To many, COP25 was not very successful. This however was not faulted on UNFCCC or the negotiation process itself but on some rich and countries especially USA, Brazil, India, and Japan who used it as an opportunity to negotiate themselves out to avoid raising their ambition. The European Union (EU) on the other hand unveiled its green deal with a target of achieving carbon neutrality by 2050. Apart from Poland, all the other EU countries are in support of the green deal. The EU set a good example for other rich countries to follow suit.

Rich countries have been called upon to pay for real climate solutions, loss and damage, sustainable agriculture, a just transition from production of fossil fuels to production and use of renewable and clean energy. The private sector needs to come along to address the climate crisis since it is profitable and sustainable in the long run for private sector to invest in climate action. If governments do not ACT NOW on the climate crisis, more people, especially the poorest communities across the globe, will go hungry, more people will be forced from their homes and more people will die. The struggle continues beyond COP25, a climate action of an individual and of a single country will help grow the global movement for climate action. We demand for climate justice now!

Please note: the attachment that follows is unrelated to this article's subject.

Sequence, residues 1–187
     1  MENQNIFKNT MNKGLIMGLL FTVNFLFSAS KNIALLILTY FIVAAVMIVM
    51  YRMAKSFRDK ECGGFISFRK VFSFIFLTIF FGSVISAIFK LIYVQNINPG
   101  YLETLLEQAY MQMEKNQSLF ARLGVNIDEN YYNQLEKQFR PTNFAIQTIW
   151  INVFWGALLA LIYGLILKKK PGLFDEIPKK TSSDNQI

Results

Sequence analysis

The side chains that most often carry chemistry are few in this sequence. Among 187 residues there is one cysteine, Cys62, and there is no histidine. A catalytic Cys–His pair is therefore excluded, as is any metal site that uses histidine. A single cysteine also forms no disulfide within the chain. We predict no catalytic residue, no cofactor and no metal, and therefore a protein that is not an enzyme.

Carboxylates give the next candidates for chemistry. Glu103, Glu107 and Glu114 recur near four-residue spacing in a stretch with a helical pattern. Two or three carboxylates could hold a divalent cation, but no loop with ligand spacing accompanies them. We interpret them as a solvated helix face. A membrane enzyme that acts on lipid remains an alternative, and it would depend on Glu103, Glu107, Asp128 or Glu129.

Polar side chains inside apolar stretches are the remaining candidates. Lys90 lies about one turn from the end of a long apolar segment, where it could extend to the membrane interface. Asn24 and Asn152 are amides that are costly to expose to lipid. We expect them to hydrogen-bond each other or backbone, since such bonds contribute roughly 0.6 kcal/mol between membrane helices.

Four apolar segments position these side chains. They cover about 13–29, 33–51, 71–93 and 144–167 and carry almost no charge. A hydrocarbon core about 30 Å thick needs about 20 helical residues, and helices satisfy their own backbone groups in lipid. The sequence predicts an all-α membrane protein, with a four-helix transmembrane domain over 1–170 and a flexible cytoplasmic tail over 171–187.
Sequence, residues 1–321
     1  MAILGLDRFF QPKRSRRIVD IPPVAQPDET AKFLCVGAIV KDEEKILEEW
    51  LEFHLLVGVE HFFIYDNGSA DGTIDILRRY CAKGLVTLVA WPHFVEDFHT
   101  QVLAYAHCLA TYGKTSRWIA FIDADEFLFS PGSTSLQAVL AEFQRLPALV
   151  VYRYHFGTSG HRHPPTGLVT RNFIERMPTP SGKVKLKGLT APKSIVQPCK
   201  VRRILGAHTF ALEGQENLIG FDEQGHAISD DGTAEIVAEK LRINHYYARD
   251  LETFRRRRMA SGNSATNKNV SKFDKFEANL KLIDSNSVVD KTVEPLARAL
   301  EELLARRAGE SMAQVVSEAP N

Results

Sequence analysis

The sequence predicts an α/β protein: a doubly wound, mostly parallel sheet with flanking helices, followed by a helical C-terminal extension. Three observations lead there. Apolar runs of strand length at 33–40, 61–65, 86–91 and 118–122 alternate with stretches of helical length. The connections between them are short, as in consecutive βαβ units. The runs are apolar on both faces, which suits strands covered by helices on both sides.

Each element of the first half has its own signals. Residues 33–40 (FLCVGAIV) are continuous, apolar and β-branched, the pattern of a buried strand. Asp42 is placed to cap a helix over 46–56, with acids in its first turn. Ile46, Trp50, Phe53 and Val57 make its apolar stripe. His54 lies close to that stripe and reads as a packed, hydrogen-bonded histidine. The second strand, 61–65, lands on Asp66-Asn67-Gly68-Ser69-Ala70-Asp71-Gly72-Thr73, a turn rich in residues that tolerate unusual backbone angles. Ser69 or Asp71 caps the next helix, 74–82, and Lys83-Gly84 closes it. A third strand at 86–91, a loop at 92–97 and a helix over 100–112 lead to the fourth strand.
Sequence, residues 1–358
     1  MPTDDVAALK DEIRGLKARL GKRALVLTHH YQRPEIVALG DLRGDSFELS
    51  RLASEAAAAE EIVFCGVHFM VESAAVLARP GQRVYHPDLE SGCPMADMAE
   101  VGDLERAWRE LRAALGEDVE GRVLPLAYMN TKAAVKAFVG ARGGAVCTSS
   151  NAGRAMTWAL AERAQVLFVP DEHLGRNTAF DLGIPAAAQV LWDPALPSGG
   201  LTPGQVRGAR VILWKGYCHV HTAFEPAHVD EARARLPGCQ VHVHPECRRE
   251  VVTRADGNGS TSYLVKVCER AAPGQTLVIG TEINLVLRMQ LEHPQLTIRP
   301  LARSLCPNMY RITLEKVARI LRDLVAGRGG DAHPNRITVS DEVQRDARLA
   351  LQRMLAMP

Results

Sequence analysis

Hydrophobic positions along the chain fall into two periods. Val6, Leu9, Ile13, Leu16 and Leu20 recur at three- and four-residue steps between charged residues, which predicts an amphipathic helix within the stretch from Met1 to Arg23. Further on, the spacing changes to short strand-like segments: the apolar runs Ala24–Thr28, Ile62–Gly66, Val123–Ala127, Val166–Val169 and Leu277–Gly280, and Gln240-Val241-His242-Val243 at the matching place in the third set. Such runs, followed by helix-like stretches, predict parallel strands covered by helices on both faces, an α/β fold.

Between 20th and 24th April 2020, Uganda will host the African climate Week (ACW) 2020 at Speke Resort and Conference Centre in Kampala as one of four Regional Climate Weeks to convene in 2020, alongside Latin America and Caribbean Climate Week, MENA Climate Week and Asia- Pacific Climate Week.

ACW 2020 will convene under the theme, “Partnering for Transformation towards a Low-carbon Climate-resilient and Prosperous Africa: Managing Risks, Seizing Opportunities” and is aimed at mobilizing and enhancing partnerships and collaborative approaches, including to respond to the urgent need to understand the risks and impacts of climate change and integrate this knowledge in planning at all levels and in all sectors.

The event will also seek to facilitate NDC implementation and help deliver on Sustainable Development Goals.

Let’s ACT on Climate Now!